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Monthly Archives: December 2008

It’s important for Christians, especially Catholics, to remember that as much as we may be in agreement with other people on certain issues, that doesn’t mean that they’re necessarily on our side when it comes to faith and religion. This hit me again yesterday with SayUncle’s post (and Sebastian’s agreement with it) about the Pope’s Christmas Message, criticizing Benedict for apparently living in luxury while he tells the rest of the world to watch out for the poor. Specifically:

He says don’t be selfish and help those who live in places where the basics needed for survival are missing. He said this from an extravagant mantle, on a gold throne with jewels, wearing a priceless gold cross, and some expensive clothes.

Good message there, chief.

Let me offer a rephrase: “Don’t be selfish, and help those how live in places where the basics needed for survival are missing. Benedict, who had begged his predecessor to be able to retire from the College of Cardinals so he could write books, wore borrowed clothes in a house (including furniture and decorations) that isn’t his.”

The commenters at SayUncle’s site do a good job of taking him to task, although I think ultimately they miss the main point. Yes, the Catholic Church does more (measurable) good than any other organization, and has been doing so for the past 2000 years. That’s good, but it still falls into a problem when the Lesson of the Widow’s Mite is considered: even acknowledging all the good the Catholic Church does, it has a lot of advantages and so it’s hard to definitively pin down whether they objectively do enough. Another comment notes the message of “The Shoes of the Fisherman” and how stripping the Church of its wealth won’t work, but this is also inadequate: just because we may not succeed isn’t a legitimate reason, by itself, not to try.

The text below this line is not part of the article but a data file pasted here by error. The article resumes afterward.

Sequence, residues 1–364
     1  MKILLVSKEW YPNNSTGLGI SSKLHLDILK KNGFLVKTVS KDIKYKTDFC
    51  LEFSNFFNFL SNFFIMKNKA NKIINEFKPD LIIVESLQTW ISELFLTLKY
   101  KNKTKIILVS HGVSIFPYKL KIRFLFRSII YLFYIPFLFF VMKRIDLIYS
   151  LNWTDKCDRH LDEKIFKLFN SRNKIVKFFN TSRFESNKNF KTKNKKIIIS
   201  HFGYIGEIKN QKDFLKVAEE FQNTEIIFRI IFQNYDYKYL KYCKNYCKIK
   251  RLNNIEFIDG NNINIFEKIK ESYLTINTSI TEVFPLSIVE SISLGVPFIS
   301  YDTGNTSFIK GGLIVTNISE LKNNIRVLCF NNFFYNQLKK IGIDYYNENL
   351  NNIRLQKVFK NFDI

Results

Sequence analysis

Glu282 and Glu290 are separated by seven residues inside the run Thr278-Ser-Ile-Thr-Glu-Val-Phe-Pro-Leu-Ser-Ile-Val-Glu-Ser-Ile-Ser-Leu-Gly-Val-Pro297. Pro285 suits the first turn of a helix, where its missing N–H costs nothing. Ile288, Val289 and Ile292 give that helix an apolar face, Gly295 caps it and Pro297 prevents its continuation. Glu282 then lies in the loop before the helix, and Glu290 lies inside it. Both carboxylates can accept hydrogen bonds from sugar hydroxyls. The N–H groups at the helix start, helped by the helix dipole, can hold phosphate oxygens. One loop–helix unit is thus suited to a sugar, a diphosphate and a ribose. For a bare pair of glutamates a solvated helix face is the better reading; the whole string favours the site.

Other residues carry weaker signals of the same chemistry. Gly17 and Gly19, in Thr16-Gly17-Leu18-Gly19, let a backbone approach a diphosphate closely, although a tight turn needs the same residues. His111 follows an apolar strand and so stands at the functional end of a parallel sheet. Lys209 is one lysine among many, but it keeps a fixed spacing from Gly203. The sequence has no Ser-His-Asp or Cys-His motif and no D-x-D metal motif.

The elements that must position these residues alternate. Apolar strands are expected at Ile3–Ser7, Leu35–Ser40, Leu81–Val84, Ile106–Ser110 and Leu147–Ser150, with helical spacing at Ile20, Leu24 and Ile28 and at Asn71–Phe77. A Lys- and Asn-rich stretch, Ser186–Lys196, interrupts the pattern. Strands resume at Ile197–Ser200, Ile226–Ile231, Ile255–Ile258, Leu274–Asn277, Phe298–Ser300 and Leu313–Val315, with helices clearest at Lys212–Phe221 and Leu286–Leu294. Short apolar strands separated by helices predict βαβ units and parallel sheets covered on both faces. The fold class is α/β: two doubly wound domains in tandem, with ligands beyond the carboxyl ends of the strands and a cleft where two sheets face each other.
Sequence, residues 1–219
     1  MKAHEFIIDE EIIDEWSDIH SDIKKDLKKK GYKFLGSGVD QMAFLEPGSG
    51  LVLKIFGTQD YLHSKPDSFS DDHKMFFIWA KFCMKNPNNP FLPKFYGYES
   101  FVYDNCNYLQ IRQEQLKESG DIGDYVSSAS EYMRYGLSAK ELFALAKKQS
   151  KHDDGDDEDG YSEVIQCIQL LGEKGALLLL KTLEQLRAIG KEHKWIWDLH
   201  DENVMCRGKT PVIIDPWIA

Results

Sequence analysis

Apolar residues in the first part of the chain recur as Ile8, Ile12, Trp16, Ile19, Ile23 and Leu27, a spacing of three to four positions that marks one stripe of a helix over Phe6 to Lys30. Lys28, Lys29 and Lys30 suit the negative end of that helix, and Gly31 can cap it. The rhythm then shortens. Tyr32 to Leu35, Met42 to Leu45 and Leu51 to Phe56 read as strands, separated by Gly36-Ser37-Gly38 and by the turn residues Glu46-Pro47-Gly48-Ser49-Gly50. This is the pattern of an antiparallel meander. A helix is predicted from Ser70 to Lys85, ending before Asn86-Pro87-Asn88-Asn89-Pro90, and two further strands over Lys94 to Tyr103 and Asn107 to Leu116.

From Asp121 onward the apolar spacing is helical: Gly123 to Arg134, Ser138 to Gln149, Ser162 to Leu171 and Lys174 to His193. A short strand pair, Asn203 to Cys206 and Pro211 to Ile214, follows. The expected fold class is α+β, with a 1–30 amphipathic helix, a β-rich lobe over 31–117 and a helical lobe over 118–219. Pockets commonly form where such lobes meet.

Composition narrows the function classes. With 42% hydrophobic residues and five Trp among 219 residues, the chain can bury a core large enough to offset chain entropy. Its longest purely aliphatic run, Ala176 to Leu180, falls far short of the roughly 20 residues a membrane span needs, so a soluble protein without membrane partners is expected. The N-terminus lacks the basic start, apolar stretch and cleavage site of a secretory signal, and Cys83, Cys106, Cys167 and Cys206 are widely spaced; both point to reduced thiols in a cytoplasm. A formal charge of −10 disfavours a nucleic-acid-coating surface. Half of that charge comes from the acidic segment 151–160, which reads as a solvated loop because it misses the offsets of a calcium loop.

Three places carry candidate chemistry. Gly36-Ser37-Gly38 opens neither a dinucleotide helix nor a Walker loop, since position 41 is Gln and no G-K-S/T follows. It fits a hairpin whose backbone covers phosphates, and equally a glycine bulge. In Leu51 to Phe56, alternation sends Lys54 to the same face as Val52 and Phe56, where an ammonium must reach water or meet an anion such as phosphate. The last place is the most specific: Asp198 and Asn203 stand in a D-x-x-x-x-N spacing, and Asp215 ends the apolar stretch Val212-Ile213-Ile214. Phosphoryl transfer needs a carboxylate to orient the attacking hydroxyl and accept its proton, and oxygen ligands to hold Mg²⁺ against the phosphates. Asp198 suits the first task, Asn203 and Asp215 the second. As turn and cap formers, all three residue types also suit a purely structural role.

I think that the important point is that the riches of the Church exist for a reason: they help to show heaven to the people. To urbane society this seems laughable (although that’s delusional), but to normal people it doesn’t. It serves the same purpose as the stained glass windows, high cathedral arches, and vivid iconography in a church: to display the Gospel and who God is. When foreign dignitaries visit an American embassy, do they expect to see the staff lounging around in t-shirts, halter tops, and board shorts? Of course not; the embassy staff represents a superpower nation and they dress professionally. Do we expect the Queen of England (who, incidentally, is not the “spiritual head” of anything) to forgo her coronation as being too ostentatious? Of course not; she represents the British (and Commonwealth) people and her coronation has to do with the position, not the person. The Pope is similar: his position is that of steward for the resurrected and glorious Christ. That he looks splendid in his official clothes is utterly appropriate. That he be surrounded by pious beauty is also utterly appropriate. Would his detractors have him surrounded by slide projectors and white sheets? Well, probably; this logic would also say that they should get the cheapest projectors they can find that still display recognizable images, rather than getting expensive ones that will last and will display vivid images. The thing is, projections aren’t real. They’ll do when you don’t have anything else, but once you do you stick with that. The Church is real, as the Body of Christ here on Earth. At the same time, it is also a representation of heaven, and so it must do the best that it can.